An Investing Chart Placed In The Home Of A Wealthy Family

I received an e-mail from a reader who brought to my attention the fact that different sectors of the U.S. economy have very, very different records of building wealth for the shareowners, and he shared with me a story of how his father handed him a chart of each sector’s performance as an aid for him as he began making substantial investment decisions in his own life (he disclosed to me that he invested a bit here and there, and then upon seeing his salary go up big time, he was able to start investing $2,500 per month and began to take things more seriously).

The data he was referring to is this: The S&P 500 consists of ten different sector segments (Materials, Energy, Telecommunication Services, Utilities, Industrials, Financials, Consumer Discretionary, Information Technology, Consumer Staples, and Health Care). Over the past fifty years, the average returns by segment has been: Materials 8.1%, Financials 8.5%, Telecommunication Services 9.5%, Industrials 9.5%, Utilities 9.6%, Consumer Discretionary 10.4%, Information Technology 10.6%, Energy 11.6%, Consumer Staples 12.7%, and Health Care 13.0%. In this investor’s case, the knowledge that health care stocks have the strongest long-term performance in the S&P 500 led him to make Johnson & Johnson and Abbott Labs the foundational blocks of his portfolio as he began to build.

Now, the data isn’t perfect—it is limited to companies that were actually members of the S&P 500, so worthwhile companies that got booted out for questionable reasons have a skewing effect on the data. For instance, Royal Dutch Shell was one of the original components of the S&P 500 Index, but got kicked out because the trustees at Standard & Poor’s decided to Americanize the list of leading companies and kicked Royal Dutch Shell out for being a Dutch-English firm. Royal Dutch Shell had an outsized weighting on the index when it was a component, and delivered 14.5% annual returns after its removal. If it had stayed a part of the index, the long-term returns for energy will still trail consumer staples and health care, but would be above the 12% annual mark.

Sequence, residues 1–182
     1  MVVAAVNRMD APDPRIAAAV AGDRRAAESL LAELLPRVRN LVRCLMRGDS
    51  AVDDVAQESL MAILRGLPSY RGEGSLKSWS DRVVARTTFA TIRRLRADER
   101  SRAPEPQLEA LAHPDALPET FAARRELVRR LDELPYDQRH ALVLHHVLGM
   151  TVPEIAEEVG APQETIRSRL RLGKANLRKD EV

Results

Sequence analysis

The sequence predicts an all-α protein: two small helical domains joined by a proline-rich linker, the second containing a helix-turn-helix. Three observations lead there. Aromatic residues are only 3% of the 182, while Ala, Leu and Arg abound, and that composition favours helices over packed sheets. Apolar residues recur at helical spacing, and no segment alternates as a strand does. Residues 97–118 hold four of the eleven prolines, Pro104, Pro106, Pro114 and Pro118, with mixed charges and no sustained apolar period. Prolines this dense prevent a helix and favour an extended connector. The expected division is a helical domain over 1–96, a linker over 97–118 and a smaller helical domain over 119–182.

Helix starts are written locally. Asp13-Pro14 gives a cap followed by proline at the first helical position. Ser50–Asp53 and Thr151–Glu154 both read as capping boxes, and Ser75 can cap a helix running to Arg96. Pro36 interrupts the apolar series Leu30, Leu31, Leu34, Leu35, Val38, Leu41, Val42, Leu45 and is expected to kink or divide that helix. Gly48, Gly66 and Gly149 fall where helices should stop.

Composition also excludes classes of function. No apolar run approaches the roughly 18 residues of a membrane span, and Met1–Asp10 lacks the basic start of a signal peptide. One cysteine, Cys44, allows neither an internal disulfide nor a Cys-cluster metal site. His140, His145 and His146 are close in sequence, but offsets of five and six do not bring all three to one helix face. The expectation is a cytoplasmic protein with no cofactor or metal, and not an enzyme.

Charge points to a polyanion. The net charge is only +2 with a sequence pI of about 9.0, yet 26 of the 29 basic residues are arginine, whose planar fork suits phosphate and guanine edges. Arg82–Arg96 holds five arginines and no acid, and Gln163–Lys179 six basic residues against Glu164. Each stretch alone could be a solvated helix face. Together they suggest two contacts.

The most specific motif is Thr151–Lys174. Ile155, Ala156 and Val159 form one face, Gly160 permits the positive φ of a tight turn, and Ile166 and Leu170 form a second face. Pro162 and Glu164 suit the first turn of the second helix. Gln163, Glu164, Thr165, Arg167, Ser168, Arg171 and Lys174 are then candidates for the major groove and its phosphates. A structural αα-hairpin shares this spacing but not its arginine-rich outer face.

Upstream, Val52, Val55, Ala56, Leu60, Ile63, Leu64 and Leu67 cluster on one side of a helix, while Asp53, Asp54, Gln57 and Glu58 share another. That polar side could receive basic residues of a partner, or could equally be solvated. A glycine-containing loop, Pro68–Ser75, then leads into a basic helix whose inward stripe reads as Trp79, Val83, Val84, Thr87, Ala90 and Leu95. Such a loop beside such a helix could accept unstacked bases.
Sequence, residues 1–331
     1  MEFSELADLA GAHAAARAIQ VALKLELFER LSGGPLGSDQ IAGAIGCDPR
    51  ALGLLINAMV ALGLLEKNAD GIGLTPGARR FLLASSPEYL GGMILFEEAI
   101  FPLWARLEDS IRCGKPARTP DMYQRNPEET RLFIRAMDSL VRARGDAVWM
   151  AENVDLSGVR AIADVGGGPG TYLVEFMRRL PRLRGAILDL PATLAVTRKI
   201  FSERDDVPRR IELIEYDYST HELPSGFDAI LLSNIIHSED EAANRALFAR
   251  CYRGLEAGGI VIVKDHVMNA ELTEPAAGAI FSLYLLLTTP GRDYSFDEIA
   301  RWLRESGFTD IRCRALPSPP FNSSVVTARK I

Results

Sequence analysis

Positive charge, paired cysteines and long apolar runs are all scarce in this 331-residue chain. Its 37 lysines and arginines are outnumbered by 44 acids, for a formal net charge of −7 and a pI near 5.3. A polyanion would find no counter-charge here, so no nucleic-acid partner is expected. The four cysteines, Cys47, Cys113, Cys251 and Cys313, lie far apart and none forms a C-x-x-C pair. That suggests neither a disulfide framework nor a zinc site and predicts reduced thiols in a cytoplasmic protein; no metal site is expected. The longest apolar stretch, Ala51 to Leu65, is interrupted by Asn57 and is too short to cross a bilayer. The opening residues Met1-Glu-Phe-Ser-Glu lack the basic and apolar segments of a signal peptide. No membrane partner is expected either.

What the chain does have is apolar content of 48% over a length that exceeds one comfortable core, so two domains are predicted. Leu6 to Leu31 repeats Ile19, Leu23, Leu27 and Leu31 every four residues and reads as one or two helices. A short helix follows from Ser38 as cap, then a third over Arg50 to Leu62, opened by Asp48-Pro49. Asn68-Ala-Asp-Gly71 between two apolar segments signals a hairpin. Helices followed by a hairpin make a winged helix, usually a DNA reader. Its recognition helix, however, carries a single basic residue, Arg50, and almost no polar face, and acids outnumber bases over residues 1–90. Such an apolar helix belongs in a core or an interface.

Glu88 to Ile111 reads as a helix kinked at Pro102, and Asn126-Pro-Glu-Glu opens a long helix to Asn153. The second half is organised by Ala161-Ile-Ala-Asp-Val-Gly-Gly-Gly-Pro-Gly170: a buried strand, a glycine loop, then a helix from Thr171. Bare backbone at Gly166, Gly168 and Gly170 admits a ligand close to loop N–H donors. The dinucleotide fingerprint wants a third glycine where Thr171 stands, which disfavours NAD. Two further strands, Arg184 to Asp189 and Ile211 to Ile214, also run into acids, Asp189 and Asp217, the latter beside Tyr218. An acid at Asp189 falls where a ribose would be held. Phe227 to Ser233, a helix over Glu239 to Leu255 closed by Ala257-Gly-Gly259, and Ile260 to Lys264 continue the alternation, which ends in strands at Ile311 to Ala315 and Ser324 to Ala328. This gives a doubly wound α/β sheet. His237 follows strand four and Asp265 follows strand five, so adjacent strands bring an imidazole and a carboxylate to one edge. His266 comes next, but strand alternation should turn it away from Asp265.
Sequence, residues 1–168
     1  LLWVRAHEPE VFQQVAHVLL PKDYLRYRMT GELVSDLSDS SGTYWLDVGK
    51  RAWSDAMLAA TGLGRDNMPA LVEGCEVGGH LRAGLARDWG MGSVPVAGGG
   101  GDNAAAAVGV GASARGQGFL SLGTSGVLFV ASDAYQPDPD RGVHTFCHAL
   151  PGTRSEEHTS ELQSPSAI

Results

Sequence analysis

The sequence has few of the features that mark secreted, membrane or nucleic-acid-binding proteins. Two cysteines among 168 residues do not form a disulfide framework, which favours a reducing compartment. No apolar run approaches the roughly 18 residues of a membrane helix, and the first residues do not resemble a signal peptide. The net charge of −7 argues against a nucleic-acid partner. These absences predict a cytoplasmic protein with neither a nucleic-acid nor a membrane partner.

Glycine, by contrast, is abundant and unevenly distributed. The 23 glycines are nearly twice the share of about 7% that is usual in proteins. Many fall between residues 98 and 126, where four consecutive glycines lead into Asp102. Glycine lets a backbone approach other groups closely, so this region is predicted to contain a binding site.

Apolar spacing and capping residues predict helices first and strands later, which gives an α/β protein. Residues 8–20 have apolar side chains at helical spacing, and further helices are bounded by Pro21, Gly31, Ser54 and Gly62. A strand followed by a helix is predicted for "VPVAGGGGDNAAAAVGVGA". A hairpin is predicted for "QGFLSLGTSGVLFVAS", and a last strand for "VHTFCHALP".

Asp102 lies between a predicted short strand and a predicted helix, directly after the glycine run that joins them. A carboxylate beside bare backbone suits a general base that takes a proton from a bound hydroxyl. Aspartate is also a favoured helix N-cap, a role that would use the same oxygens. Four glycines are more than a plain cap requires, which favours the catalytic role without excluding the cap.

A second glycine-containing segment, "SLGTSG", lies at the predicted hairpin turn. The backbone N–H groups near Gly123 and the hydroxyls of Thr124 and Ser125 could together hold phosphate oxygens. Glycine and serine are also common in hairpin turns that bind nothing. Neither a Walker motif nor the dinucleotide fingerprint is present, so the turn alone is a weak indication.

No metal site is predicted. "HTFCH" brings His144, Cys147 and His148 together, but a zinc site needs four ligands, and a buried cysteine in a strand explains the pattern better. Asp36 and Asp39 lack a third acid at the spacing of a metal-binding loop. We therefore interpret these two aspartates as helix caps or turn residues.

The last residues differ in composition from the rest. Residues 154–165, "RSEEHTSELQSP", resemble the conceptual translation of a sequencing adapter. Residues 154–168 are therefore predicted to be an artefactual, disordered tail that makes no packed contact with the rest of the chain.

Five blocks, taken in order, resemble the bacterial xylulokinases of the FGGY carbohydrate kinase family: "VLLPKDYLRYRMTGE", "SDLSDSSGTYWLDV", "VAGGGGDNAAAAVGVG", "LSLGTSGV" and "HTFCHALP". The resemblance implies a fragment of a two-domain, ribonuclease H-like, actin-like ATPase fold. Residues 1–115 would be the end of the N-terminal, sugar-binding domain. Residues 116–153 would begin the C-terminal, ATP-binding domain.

Despite imperfect data, I do think there is a lot to learn from the chart of where the S&P 500 Index of wealth creation comes from. There are very few materials stocks that interest me. With utilities and telecoms, it is often best to regard those areas of the market as a place to inventory wealth and achieve moderate growth—they’re not typically the place to look for the highest risk-adjusted returns over the long haul. Tech, despite the high returns, is difficult to get the companies right because the industry involves a lot of creative destruction. To me, if I were beginning a long-term, passively managed dividend portfolio, I would spend my time focusing on the energy giants, consumer staples, and the largest healthcare firms.

If you are in the beginning stages of building a portfolio that will consist of stocks you have no intention of selling in the coming decades, I would think of the initial selection process as something like this.

First, I’d gather the list of the 54 Dividend Aristocrats. These are the companies that have business models so exceptional that the dividends have been growing every single year since the 1980s, and are as follows: